The primary motivation for Lorenzen and Kuno Lorenz was to find a game-theoretic (their term was "dialogical" *Dialogische Logik*) semantics for intuitionistic logic. Andreas Blass^{[2]} was the first to point out connections between game semantics and linear logic. This line was further developed by Samson Abramsky, Radhakrishnan Jagadeesan, Pasquale Malacaria and independently Martin Hyland and Luke Ong, who placed special emphasis on compositionality, i.e. the definition of strategies inductively on the syntax. Using game semantics, the authors mentioned above have solved the long-standing problem of defining a fully abstract model for the programming language PCF. Consequently, game semantics has led to fully abstract semantic models for a variety of programming languages and, to new semantic-directed methods of software verification by software model checking.

Shahid Rahman and Helge Rückert extended the dialogical approach to the study of several non-classical logics such as modal logic, relevance logic, free logic and connexive logic. Recently, Rahman and collaborators developed the dialogical approach into a general framework aimed at the discussion of logical pluralism.^{[3]}

Foundational considerations of game semantics have been more emphasised by Jaakko Hintikka and Gabriel Sandu, especially for Independence-friendly logic (IF logic, more recently *Information*-friendly logic), a logic with branching quantifiers. It was thought that the principle of compositionality fails for these logics, so that a Tarskian truth definition could not provide a suitable semantics. To get around this problem, the quantifiers were given a game-theoretic meaning. Specifically, the approach is the same as in classical propositional logic, except that the players do not always have perfect information about previous moves by the other player. Wilfrid Hodges has proposed a compositional semantics and proved it equivalent to game semantics for IF-logics.

Japaridze’s computability logic is a game-semantical approach to logic in an extreme sense, treating games as targets to be serviced by logic rather than as technical or foundational means for studying or justifying logic. Its starting philosophical point is that logic is meant to be a universal, general-utility intellectual tool for ‘navigating the real world’ and, as such, it should be construed semantically rather than syntactically, because it is semantics that serves as a bridge between real world and otherwise meaningless formal systems (syntax). Syntax is thus secondary, interesting only as much as it services the underlying semantics. From this standpoint, Japaridze has repeatedly criticized the often followed practice of adjusting semantics to some already existing target syntactic constructions, with Lorenzen’s approach to intuitionistic logic being an example. This line of thought then proceeds to argue that the semantics, in turn, should be a game semantics, because games “offer the most comprehensive, coherent, natural, adequate and convenient mathematical models for the very essence of all ‘navigational’ activities of agents: their interactions with the surrounding world”.^{[4]} Accordingly, the logic-building paradigm adopted by computability logic is to identify the most natural and basic operations on games, treat those operators as logical operations, and then look for sound and complete axiomatizations of the sets of game-semantically valid formulas. On this path a host of familiar or unfamiliar logical operators have emerged in the open-ended language of computability logic, with several sorts of negations, conjunctions, disjunctions, implications, quantifiers and modalities. Games are played between two agents: a machine and its environment, where the machine is required to follow only effective strategies. This way, games are seen as interactive computational problems, and the machine’s winning strategies for them as solutions to those problems. It has been established that computability logic is robust with respect to reasonable variations in the complexity of allowed strategies, which can be brought down as low as logarithmic space and polynomial time (one does not imply the other in interactive computations) without affecting the logic. All this explains the name “computability logic” and determines applicability in various areas of computer science. Classical logic, independence-friendly logic and certain extensions of linear and intuitionistic logics turn out to be special fragments of CoL, obtained merely by disallowing certain groups of operators or atoms.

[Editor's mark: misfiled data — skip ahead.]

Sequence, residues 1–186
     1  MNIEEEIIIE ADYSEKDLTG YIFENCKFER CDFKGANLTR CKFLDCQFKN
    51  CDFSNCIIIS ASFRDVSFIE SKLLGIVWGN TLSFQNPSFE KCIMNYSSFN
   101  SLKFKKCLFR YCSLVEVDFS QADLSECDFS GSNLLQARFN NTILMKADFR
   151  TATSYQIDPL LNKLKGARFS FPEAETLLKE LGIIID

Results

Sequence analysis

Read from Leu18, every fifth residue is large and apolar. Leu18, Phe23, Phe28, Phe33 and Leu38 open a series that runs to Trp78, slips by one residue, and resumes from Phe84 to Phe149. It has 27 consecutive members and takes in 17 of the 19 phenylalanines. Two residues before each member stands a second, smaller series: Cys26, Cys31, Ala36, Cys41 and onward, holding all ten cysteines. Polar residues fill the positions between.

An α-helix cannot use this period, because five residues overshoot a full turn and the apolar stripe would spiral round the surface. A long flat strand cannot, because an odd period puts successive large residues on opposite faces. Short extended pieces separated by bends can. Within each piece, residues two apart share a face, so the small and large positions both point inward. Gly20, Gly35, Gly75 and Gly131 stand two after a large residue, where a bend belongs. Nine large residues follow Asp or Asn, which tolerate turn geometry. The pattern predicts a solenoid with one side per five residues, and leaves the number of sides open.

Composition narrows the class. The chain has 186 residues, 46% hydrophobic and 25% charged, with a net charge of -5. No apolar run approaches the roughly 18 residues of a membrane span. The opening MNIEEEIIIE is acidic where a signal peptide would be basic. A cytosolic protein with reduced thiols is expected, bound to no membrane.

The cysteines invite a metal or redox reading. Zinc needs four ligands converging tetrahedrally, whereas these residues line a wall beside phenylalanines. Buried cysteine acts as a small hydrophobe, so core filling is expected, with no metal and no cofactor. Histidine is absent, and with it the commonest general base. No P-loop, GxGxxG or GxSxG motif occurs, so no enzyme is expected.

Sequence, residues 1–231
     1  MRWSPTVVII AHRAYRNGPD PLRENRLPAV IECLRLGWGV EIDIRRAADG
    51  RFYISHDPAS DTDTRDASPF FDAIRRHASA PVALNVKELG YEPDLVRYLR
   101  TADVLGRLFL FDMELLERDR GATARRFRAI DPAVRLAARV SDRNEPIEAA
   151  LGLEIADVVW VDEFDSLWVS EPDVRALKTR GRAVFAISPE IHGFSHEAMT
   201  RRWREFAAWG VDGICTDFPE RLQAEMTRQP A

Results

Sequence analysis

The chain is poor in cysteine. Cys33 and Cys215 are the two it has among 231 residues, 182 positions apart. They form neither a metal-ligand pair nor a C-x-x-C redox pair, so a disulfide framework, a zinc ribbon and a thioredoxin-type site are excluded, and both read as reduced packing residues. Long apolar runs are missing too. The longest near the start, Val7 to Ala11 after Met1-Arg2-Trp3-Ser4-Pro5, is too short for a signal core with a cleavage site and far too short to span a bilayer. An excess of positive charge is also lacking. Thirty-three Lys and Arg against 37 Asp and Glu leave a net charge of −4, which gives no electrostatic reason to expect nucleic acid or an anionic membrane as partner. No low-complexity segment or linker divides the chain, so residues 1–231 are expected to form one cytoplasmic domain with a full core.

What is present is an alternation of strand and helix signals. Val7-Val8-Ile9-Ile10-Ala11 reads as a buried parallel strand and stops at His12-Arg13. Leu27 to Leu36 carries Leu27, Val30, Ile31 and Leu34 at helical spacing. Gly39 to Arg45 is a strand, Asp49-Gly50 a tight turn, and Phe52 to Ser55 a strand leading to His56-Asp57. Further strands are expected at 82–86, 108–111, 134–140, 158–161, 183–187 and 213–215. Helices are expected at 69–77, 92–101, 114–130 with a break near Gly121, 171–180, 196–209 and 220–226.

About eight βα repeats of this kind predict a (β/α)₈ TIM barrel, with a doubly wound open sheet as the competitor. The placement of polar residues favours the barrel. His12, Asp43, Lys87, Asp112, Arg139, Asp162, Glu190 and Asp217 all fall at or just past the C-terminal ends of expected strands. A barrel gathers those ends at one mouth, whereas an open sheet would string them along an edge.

- Computability logic
- Dependence logic
- Ehrenfeucht–Fraïssé game
- Independence-friendly logic
- Interactive computation
- Intuitionistic logic
- Ludics

This article includes a list of references, but
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**^**J. Hintikka and G. Sandu, 2009, "Game-Theoretical Semantics" in Keith Allan (ed.)*Concise Encyclopedia of Semantics*, Elsevier, ISBN 0-08095-968-7, pp. 341–343**^**Andreas R. Blass**^**http://stl.recherche.univ-lille3.fr/sitespersonnels/rahman/accueilrahman.html**^**G. Japaridze, “In the beginning was game semantics”. In: Games: Unifying Logic, Language and Philosophy. O. Majer, A.-V. Pietarinen and T. Tulenheimo, eds. Springer 2009, pp.249-350. [1]